Its strongest asset is Kay Lenz, whose physical appearance, body language, mannerisms, and expressions consistently capture the nuanced timidity of a girl nerd. Consider Sarah maneuvering silently amid the ANS partygoers. (See below clip.)  In her dowdy cardigan sweater, the 5'1" Lenz holds herself together, trying to avoid touching anyone as she squeezes past the exuberant taller girls chattering over her. The insecure Sarah strains to be inconspicuous, painfully self-conscious despite the beautiful ANS girls' obliviousness to her. It's a short scene, but The Initiation of Sarah is full of such moments when Lenz shines as Sarah.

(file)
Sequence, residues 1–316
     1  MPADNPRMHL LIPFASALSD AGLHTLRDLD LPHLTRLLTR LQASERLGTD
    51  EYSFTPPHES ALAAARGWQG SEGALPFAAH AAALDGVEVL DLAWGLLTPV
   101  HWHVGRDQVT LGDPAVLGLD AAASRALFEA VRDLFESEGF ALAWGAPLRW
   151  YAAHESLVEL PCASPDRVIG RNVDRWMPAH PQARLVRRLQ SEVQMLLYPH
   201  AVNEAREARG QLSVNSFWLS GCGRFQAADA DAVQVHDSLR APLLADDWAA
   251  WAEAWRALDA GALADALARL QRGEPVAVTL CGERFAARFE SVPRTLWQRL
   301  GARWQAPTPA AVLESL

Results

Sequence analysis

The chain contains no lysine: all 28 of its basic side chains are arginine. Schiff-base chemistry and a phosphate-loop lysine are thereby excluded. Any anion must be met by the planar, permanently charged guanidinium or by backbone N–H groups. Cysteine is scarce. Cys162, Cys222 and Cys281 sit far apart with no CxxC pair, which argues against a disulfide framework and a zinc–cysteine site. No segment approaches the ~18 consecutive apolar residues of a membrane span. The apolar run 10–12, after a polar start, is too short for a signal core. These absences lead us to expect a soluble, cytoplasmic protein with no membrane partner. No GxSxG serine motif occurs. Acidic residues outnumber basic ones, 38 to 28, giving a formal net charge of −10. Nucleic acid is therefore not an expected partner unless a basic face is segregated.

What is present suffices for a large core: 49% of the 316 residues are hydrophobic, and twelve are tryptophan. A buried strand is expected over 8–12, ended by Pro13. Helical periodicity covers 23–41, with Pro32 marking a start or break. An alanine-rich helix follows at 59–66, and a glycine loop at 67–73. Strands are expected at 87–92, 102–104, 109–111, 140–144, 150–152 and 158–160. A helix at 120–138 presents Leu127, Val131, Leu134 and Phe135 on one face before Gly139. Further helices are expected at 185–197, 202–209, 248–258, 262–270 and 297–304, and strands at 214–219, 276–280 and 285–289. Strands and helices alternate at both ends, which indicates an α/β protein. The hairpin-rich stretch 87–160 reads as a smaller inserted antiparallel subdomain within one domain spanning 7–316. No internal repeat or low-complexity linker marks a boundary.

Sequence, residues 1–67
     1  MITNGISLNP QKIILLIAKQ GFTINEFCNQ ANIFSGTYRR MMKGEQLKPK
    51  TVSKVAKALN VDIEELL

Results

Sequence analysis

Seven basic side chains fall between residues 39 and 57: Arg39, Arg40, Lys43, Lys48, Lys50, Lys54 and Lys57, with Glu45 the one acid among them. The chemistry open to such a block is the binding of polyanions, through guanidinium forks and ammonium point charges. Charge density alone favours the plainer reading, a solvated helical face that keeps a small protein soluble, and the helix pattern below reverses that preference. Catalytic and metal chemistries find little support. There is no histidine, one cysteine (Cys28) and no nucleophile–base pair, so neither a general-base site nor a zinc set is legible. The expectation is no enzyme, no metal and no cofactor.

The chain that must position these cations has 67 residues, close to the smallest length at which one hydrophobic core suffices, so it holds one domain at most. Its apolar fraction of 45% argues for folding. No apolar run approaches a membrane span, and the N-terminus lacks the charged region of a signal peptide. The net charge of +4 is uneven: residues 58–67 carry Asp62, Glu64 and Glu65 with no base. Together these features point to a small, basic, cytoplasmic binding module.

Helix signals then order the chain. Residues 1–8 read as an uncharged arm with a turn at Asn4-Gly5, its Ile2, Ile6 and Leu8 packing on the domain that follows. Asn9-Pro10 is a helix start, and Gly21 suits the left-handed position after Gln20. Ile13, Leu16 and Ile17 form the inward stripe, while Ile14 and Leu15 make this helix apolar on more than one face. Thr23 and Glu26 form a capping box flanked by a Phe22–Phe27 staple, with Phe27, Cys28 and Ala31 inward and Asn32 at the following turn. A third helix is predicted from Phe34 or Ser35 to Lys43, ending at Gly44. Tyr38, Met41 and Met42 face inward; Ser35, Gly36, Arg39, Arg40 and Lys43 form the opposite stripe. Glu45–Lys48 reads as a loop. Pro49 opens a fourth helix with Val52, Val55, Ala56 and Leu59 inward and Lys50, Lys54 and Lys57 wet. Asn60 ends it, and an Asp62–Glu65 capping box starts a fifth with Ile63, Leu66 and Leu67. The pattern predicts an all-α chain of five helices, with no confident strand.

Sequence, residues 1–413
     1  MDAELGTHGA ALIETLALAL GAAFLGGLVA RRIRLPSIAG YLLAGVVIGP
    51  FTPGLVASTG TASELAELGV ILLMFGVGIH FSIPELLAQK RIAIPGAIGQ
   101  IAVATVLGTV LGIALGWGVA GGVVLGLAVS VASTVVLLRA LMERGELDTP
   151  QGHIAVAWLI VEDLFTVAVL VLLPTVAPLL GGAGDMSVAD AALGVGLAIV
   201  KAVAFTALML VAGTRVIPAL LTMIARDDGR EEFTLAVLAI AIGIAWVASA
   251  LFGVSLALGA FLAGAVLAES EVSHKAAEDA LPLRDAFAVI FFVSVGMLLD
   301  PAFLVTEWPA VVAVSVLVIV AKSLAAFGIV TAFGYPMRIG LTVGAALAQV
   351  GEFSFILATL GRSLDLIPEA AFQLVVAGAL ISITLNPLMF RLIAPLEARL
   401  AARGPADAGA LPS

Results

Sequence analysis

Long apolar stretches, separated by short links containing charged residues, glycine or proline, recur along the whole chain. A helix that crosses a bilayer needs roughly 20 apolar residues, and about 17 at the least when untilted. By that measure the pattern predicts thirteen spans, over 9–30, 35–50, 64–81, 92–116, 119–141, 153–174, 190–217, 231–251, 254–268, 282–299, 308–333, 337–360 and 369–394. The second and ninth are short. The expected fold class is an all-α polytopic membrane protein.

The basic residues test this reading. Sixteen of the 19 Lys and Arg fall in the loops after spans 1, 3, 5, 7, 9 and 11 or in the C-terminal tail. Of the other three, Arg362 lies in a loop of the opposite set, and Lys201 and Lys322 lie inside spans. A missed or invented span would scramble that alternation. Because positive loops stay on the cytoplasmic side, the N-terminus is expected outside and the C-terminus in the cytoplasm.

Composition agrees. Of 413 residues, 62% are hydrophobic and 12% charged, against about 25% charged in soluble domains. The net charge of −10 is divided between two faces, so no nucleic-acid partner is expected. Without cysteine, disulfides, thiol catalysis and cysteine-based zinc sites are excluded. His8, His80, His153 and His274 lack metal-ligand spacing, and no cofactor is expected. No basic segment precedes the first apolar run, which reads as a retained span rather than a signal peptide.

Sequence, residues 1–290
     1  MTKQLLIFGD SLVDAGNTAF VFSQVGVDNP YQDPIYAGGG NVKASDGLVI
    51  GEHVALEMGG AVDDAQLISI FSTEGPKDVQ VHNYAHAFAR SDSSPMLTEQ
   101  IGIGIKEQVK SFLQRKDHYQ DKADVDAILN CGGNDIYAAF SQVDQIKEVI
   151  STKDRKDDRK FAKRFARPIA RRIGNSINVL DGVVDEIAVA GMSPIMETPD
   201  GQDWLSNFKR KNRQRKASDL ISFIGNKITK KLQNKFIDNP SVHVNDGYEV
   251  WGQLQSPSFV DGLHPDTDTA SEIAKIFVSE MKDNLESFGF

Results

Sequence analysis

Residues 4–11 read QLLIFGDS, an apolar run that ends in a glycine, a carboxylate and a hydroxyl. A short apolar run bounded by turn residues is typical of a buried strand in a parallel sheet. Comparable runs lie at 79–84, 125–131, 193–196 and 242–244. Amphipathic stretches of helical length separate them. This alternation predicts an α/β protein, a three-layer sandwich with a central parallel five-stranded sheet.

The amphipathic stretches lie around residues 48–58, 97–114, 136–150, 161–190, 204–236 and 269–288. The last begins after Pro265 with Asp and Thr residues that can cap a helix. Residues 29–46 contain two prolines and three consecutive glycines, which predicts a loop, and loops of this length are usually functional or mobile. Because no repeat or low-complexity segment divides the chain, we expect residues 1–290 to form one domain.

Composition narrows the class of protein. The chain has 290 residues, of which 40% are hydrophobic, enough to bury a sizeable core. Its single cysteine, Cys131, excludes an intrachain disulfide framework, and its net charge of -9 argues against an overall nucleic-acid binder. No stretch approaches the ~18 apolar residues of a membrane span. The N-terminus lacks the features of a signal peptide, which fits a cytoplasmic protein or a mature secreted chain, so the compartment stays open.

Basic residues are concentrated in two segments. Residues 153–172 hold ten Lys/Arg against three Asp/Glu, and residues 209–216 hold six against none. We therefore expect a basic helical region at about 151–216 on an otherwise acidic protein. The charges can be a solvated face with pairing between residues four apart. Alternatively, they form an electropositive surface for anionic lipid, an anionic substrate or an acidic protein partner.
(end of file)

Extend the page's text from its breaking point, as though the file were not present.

The one flaw in Lenz's portrayal is when the ANS girls fling mud and vegetables at Sarah, who stands screaming rather than retreat into the house. But most likely, this was Robert Day's direction. A small mistake, in an overall fine job as director. (No, I don't buy that Sarah was "too shocked" to move -- just as I rarely buy that horror's legions of screaming women are too shocked to move whenever a monster lumbers toward them.)

The rest of the cast is competent-to-stellar. Tisa Farrow is best known to horror fans as the star of Zombie, yet her portrayal of Mouse is her best horror (or even non-horror) performance. In The Initiation of Sarah, Farrow is less spacey and distant than usual -- infusing Mouse with pain, insecurity, trepidation, despondency, and an occasionally distraught edge (Mouse had attempted suicide).